Symptoms of vitamin B12 deficiency: Are you getting enough vitamin B12? You need to make sure that you can stay healthy.
Vitamin B12 has many effects on your body. For example, it helps produce DNA and red blood cells.
Since your body does not produce vitamin B12, it should be obtained from foods or supplements of animal origin. And you should do this regularly, because your body does not store vitamin B12 for very long.
How much do you get?
The answer depends on your age, your eating habits, your medical condition and the medications you are taking.
The average recommended dose (in micrograms (mcg)) varies with age:
- Babies under six months: 0.4 mcg
- Infants 7-12 months: 0.5 mcg
- Children 1-3 years old: 0.9 mcg
- Children 4-8 years old: 1.2 mcg
- Children 9-13 years old: 1.8 mcg
- Teens 14-18 years old: 2.4 mcg (2.6 mcg per day if pregnant women, 2.8 mcg per day if breastfeeding)
- Adults: 2.4 mcg (2.6 mcg per day if pregnant women, 2.8 mcg per day if breastfeeding)
Food sources of vitamin B12
You can get vitamin B12 from foods of animal origin, which contain it naturally, or from products that have been fortified with it.
Animal sources include dairy product, eggs, fish, meat, and poultry. If you are looking for a food fortified with vitamin B12, check the product’s nutritional information label.
Vitamin B12 Deficiency
Most people in the United States get enough of this nutrient. If in doubt, ask your doctor if you need to have a blood test to check your vitamin B12 levels.
With age, it may be more difficult to absorb this vitamin. It can also happen if you’ve had weight loss surgery or another operation that removed part of your stomach, or if you drink a lot.
You may be at greater risk of vitamin B12 deficiency if you have the following diseases:
- Atrophic gastritis, in which the lining of the stomach thins.
- Pernicious anemia, which prevents your body from absorbing vitamin B12
- Conditions that affect the small intestine, such as Crohn’s disease, celiac disease, bacterial growth, or a parasite
- Immune system diseases, such as Graves disease or lupus
- You have taken certain medicines which interfere with the absorption of vitamin B12. This includes some heartburn medications, including proton pump inhibitors (PPIs), such as esomeprazole (Nexium), lansoprazole (Prevacid), omeprazole (Prilosec OTC), pantoprazole ( Protonix) and rabeprazole (Aciphex), H2 blockers, such as cimetidine (Tagamet)) and famotidine (Pepcid AC); and some diabetes medicines, such as metformin (Glucophage).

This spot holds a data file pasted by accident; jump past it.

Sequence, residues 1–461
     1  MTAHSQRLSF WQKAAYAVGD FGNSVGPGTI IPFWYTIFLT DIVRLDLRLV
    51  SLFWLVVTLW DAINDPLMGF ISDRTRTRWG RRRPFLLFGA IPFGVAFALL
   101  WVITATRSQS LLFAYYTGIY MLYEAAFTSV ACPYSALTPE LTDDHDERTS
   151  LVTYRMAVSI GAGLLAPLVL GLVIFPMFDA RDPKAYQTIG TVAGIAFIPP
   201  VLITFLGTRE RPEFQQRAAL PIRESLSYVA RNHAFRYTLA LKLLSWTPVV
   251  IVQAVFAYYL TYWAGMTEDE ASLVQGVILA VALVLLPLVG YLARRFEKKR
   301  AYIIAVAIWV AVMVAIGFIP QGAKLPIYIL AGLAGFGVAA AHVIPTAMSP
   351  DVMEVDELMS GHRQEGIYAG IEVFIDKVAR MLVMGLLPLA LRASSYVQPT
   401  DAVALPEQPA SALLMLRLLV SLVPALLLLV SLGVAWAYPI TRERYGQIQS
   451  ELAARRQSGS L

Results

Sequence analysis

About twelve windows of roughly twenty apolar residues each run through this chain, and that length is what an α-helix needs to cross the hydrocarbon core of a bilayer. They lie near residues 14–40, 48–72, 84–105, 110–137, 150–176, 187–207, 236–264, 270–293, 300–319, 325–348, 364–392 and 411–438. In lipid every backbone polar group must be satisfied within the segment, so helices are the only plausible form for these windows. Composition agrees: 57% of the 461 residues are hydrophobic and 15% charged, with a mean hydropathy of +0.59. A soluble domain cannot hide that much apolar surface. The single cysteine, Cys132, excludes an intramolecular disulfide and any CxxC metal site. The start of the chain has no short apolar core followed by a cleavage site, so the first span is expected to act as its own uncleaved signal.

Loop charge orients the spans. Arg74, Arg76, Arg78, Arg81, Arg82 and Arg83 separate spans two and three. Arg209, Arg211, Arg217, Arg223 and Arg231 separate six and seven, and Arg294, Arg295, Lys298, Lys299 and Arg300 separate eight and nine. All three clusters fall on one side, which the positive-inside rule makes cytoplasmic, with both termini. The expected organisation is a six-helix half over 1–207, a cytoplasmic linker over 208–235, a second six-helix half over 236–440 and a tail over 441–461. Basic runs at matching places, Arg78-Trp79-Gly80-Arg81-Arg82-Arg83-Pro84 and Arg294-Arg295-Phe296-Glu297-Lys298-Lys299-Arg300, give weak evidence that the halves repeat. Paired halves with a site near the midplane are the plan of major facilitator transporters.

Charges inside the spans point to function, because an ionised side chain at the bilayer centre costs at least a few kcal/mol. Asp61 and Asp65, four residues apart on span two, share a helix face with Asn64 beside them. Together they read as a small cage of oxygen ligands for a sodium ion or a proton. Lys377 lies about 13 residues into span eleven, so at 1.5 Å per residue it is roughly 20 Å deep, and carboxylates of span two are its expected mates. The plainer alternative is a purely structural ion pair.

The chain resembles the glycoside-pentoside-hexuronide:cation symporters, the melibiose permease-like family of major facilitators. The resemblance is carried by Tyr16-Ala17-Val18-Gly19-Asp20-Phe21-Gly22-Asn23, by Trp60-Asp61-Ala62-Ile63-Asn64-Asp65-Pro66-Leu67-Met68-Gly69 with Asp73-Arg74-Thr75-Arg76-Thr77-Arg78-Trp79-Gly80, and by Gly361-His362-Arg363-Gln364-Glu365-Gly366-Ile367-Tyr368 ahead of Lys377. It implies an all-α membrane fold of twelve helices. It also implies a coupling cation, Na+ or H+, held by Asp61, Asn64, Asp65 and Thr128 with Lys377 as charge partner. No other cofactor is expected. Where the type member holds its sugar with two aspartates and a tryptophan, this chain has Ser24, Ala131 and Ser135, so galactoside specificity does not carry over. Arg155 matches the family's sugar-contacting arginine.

You may also be deficient in vitamin B12 if you are following a vegan diet (meaning you don’t eat animal products like meat, milk, cheese, and eggs) or if you are a vegetarian and don’t not eating enough eggs or dairy products. products to meet your needs. vitamin B12 requirements. Either way, you can add fortified foods to your diet or take supplements to meet this need.
Pregnant or new mother?
Are you a pregnant woman on a vegan or vegetarian diet and planning to breastfeed your baby on your own? You should talk to your doctor before having your baby, so that you have a plan on how to get enough vitamin B12 to keep your baby healthy.
Without enough vitamin B12, your baby may be delayed and unable to develop normally.
Symptoms of vitamin B12 deficiency
If you are deficient in vitamin B12, you will have anemia. Mild deficiency may not cause symptoms. However, if left untreated, it may cause the following symptoms:
- Weakness, fatigue or dizziness Heart palpitations and shortness of breath.
- Pale skin
- A sweet tongue
- Constipation, diarrhea, loss of appetite or gas
- Nerve problems, such as numbness or tingling, muscle weakness, and difficulty walking..
- Loss of vision
- Mental problems, such as depression, memory loss, or changes in behavior.
If you have pernicious anemia or have trouble absorbing vitamin B12, you need to inject this vitamin first. You may need to continue to receive these injections, then taking high doses of a supplement by mouth or nasally.
If you don’t eat animal products, you can choose. You can change your diet to include cereals fortified with vitamin B12, a B12 supplement or injections, or a high dose of oral vitamin B12 if you are deficient.
Older people with vitamin B12 deficiency may need to take a daily B12 supplement or a multivitamin containing B12.
For most people, treatment solves the problem. However, any nerve damage that occurs due to the deficiency can be permanent.
Most people can prevent vitamin B12 deficiency by eating plenty of meat, poultry, seafood, dairy products, and eggs.
If you do not consume animal products or have a health problem that limits the body’s ability to absorb nutrients, you can take vitamin B12 in a multivitamin or other supplement and fortified foods. in vitamin B12.
If you decide to take vitamin B12 supplements, tell your doctor how much you need or make sure they don’t affect the medications you are taking.